I swore I caught a whiff of perfume embroidered into the damp smells of mud and rain. I squinted into the shadows along the hill, expecting, at any moment, the bright red cut of her coat. Maybe she'd be sitting on a bench or standing on the bridge. Had she come here to harm herself? What if she climbed up onto the railing, waiting, staring at me with a face drained of hope, before stepping off, falling to the road far below like a bag of stones?
Maybe I'd had a fifth scotch without realizing. Or this damned city had finally gotten to me. I took off down the steps, heading down East
Drive and out onto Fifth Avenue, rounding the corner onto East Eighty-sixth Street, the rain turning into a downpour. I jogged three blocks, past the shuttered restaurants, bright lobbies with a couple of bored doormen staring out.
At the Lexington entrance to the subway, I heard the rumble of an approaching train. I sprinted down the next flight, swiping my MetroCard through the turnstiles. A few people were waiting on the platforma couple of teenagers, an elderly woman with a Bloomingdale's bag.
The train careened into the station, screeching to a halt, and I stepped into an empty car.
"This is a Brooklyn-bound four express train. The next stop is Fifty-ninth Street."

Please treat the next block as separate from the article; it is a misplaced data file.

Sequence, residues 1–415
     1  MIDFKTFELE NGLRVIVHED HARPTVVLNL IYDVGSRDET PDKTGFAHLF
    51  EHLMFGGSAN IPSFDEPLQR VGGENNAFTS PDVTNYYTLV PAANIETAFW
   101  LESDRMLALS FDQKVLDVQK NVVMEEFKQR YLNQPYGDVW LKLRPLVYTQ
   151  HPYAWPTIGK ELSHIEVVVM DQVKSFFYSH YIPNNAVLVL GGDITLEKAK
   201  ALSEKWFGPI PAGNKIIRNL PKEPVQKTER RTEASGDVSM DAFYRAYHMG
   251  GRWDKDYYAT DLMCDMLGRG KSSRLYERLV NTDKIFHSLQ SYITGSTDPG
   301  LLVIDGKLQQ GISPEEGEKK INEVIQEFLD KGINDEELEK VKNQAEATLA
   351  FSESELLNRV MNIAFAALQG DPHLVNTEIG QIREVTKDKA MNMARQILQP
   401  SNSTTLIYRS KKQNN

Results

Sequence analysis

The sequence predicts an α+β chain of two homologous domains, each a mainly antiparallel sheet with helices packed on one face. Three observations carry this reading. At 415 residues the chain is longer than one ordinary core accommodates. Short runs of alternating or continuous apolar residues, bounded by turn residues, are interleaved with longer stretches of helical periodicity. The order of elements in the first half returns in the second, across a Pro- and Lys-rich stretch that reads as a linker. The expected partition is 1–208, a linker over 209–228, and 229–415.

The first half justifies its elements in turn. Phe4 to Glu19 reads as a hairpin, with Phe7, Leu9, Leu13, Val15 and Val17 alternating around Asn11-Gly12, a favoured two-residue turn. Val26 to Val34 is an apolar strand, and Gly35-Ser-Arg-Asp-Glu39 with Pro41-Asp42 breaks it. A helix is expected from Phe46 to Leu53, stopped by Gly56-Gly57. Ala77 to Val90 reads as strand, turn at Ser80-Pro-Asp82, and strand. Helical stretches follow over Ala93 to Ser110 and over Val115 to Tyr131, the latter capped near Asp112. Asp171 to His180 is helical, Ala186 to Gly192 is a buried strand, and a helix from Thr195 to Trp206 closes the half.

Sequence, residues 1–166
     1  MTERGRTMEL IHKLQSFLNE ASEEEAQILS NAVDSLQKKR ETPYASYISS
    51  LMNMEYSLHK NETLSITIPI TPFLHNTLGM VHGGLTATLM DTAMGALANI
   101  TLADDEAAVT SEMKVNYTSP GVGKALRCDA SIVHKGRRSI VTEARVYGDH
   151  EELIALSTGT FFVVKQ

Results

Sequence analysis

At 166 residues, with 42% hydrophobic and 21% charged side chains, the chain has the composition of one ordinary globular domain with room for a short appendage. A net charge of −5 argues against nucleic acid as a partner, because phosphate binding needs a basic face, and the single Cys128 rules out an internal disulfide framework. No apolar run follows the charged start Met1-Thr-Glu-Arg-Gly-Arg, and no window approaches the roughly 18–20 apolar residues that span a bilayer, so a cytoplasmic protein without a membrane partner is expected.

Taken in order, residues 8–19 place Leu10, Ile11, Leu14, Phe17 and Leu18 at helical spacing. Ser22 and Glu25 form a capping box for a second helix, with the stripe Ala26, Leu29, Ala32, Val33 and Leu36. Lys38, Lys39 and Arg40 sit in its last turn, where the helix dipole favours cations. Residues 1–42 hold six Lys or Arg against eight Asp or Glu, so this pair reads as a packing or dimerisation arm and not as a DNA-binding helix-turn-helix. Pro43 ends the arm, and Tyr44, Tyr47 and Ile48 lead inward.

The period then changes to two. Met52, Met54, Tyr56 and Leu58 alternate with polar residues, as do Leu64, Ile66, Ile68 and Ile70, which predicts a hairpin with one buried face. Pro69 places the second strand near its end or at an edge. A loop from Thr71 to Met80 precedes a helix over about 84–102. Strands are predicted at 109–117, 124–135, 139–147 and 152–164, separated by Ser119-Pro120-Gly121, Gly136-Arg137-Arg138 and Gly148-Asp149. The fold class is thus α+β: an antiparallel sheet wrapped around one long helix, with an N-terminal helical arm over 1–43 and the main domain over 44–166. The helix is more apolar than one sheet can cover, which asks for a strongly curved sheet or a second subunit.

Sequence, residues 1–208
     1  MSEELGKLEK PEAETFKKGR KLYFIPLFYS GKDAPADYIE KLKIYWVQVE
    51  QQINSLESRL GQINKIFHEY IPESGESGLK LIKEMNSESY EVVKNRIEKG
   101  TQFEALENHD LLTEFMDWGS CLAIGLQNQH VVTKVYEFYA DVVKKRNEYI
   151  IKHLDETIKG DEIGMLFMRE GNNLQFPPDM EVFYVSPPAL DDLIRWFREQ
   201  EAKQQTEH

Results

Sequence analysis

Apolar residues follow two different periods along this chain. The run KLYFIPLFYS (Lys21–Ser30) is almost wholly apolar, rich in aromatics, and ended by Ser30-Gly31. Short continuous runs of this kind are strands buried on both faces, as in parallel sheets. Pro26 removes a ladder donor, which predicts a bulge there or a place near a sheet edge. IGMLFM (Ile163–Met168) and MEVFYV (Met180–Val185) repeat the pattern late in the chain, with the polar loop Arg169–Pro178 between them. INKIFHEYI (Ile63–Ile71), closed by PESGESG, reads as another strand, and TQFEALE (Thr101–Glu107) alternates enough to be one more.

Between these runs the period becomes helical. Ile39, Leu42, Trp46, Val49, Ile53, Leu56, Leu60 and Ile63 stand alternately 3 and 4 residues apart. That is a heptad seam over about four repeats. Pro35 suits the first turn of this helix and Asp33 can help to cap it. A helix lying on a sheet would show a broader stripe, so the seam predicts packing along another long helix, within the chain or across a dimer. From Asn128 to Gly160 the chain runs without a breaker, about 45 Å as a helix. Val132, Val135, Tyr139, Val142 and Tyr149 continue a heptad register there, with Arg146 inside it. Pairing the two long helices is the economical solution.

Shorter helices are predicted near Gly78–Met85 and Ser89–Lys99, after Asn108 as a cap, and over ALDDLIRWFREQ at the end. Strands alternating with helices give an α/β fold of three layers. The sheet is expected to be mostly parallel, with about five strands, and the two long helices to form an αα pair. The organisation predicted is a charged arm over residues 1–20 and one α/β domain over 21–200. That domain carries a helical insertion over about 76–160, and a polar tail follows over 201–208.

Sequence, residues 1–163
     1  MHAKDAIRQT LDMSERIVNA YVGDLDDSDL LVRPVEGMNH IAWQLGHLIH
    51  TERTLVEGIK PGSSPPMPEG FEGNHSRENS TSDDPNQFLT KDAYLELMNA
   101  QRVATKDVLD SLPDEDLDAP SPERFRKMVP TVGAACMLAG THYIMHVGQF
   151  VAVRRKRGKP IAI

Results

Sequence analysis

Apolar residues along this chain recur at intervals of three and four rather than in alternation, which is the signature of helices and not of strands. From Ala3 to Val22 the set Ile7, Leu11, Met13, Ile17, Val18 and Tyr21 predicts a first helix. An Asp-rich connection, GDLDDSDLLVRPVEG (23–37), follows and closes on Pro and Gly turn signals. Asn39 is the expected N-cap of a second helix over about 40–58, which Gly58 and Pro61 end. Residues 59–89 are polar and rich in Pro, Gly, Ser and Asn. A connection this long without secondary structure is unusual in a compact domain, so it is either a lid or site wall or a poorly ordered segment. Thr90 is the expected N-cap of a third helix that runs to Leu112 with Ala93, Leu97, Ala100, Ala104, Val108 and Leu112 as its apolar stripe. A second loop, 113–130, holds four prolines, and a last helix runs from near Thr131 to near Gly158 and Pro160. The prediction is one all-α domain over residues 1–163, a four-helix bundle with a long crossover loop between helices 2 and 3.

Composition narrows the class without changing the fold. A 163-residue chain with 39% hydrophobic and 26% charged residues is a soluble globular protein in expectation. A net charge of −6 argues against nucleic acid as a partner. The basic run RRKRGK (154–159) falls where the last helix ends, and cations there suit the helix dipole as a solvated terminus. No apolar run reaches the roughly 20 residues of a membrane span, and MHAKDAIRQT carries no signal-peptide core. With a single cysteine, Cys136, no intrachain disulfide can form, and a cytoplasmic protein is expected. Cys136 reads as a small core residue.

Shaking off the rain, I stared out at the deserted benches, an ad for a sci-fi action movie covered in graffiti. Someone had blinded the sprinting man on the poster, scribbling out his eyes with black marker. The doors pounded closed. With a moan of brakes, the train began to pull away. And then, suddenly, I was aware, coming slowly down the steps in the far cornershiny black boots and red, a red coat. I realized, as she stepped lower and lower, soaked black hair like ink seeping over her shoulders, that it was she, the girl from the Reservoir, the ghostwhat- ever the hell she was. But before I could comprehend this impossibility, before my mind could shout, She was coming for me, the train whipped into the tunnel, the windows went black, and I was left staring only at myself.
Excerpted from Night Film by Marisha Pessl. Copyright © 2013 by Marisha Pessl. Excerpted by permission of Random House. All rights reserved. No part of this excerpt may be reproduced or reprinted without permission in writing from the publisher.
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